Dempsey, Colin. The Ultimate Encyclopedia of Mythical Creatures. Published by Barnes & Noble, Inc., 2006. p. 87-88.

The Golem by Alden Oreck. Published by Jewish Virtual Library, A Division of the Israeli-American Cooperative. Accessed 28 September 2008. Last modified 2008.

Tuesday, September 2, 2008

D for Djinn

This image was taken from, This is the cover for the first book in the Bartimaeus Trilogy, The Amulet of Samarkand, by Jonathan Stroud.

The Djinn, aka jinn, is a supernatural being, an elemental that is said to possess free will. Most of us are most familiar with the term genie, which was first used in English in 1665, with the translation of The Book of One Thousand and One Nights by French translators. The root of the original root of jinn is said to come from the Semitic root "JNN" which refers to hidden or concealed.

Djinn were worshipped as tributary spirits by pre-Islamic Middle Eastern Cultures. They were associated with succubi (demons who take the form of beautiful women). A female djinn is called a "Jinniyah" or "Jinneyeh."

The djinn are mentioned in the Koran, and form an important of some Islamic practitioners' beliefs. They are said to be made from "smokeless fire" by Allah, as humans were made from earth. According to Spirits, Fairies,Leprechauns, and Goblins: An Encyclopedia, by Carol Rose, the djinn were made from the Sharan wind (Simoon). Because of their substance of smokeless fire, they are invisible to humans, and also they possess the ability to fly. Because they have free will, they can follow any religion they choose to follow. Like humans, the djinn will be judged on the Day of Judgment, being sent either to Hell or Heaven, according to their deeds in life. In Islam, the Devil or Satan is a djinn called "Shaitan" or "Iblees."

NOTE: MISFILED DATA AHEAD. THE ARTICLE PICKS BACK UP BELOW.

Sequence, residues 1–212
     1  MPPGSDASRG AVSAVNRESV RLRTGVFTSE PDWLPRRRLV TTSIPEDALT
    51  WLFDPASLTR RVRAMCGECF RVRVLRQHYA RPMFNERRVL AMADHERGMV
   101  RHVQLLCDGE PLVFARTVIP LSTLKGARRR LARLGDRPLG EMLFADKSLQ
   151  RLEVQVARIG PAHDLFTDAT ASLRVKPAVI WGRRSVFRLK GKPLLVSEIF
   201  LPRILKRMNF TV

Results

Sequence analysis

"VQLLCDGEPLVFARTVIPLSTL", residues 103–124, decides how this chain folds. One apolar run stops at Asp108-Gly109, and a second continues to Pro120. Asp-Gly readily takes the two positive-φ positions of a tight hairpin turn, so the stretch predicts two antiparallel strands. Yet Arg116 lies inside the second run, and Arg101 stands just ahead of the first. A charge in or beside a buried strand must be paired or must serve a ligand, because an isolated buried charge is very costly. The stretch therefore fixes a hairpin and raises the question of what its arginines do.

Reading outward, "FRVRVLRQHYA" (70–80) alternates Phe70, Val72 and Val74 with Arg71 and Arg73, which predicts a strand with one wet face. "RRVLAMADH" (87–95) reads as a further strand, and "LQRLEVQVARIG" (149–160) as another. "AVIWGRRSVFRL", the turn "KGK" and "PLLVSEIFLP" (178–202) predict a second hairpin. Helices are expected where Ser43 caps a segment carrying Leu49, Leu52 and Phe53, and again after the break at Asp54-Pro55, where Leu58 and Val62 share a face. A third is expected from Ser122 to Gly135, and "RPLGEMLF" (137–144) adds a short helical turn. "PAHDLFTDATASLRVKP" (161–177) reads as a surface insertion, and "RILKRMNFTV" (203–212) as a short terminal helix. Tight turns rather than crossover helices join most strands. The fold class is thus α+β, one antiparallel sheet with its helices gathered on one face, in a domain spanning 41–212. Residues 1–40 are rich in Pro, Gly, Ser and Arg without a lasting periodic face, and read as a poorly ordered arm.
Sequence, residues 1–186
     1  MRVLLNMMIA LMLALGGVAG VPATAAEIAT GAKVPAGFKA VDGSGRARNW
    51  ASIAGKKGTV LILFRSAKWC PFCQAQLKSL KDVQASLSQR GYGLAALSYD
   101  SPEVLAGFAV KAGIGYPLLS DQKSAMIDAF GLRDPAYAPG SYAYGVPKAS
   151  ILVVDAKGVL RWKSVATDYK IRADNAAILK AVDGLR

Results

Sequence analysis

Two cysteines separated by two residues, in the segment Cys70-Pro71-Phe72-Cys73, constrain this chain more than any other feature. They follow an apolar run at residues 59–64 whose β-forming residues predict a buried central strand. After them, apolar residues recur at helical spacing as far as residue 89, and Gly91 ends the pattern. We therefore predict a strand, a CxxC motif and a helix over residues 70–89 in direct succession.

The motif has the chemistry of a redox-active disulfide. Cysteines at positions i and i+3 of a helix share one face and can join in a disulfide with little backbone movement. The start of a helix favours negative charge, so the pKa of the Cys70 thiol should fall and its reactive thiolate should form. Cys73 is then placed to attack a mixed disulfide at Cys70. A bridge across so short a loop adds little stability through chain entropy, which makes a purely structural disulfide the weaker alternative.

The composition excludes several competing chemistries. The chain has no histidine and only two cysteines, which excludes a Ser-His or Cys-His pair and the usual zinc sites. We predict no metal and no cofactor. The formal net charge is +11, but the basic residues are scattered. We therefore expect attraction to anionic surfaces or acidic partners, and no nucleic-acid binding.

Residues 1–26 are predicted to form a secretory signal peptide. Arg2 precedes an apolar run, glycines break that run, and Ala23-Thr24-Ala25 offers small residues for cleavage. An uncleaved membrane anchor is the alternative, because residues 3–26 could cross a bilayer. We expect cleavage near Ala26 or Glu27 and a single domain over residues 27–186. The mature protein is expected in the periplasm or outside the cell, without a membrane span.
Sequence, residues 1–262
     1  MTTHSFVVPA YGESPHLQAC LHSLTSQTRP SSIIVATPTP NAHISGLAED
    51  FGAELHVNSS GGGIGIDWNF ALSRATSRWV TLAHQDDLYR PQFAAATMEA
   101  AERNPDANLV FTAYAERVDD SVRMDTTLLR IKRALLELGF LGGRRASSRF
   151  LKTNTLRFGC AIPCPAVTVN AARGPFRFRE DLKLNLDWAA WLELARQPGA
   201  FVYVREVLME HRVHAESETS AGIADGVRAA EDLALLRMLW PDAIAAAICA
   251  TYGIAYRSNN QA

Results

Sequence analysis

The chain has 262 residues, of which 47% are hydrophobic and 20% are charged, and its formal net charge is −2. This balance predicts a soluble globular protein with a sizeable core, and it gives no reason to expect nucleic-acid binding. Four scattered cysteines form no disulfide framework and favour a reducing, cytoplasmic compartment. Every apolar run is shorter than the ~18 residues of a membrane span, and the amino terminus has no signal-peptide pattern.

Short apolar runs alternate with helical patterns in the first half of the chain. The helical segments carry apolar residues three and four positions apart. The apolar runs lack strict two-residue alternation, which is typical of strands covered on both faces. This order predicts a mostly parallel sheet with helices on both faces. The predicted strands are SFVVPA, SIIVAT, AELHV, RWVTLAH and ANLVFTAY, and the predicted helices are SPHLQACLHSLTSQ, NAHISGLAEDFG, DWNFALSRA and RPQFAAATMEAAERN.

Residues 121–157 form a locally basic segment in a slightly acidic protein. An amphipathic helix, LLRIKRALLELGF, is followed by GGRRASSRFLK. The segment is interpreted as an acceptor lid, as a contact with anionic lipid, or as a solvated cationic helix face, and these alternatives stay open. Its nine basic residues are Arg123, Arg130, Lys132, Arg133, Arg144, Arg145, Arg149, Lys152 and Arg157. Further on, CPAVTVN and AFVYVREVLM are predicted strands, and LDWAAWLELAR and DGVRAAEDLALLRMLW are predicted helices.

The djinn also crop up in the Old Arabic and Old Persian Bibles in the following books, Leviticus, 1st Samuel, 1st Corinthians, and the gospels Matthew, Luke, and John, as Jinn or Jaann.

Outside of religious history, they also have a long and powerful history in popular media. How many us watched "I Dream of Jeannie" growing up? Enough said.

Because of their free will, not all djinn are good, and not all are evil. As some djinn possess almost limitless power, I would not like to run into an evil djinn!

Rose states that Djinns may take any shape, even large ones, and can be hideous in form or beautiful. One can tell that he or she is encountering a djinn in human form by the shape of its eye pupils (vertical like goats). But this is probably too late for you to get away at this point!
Benevolent djinn have been known to fall in love with and mate with humans, producing offspring that can walk through walls, fly, and age slowly.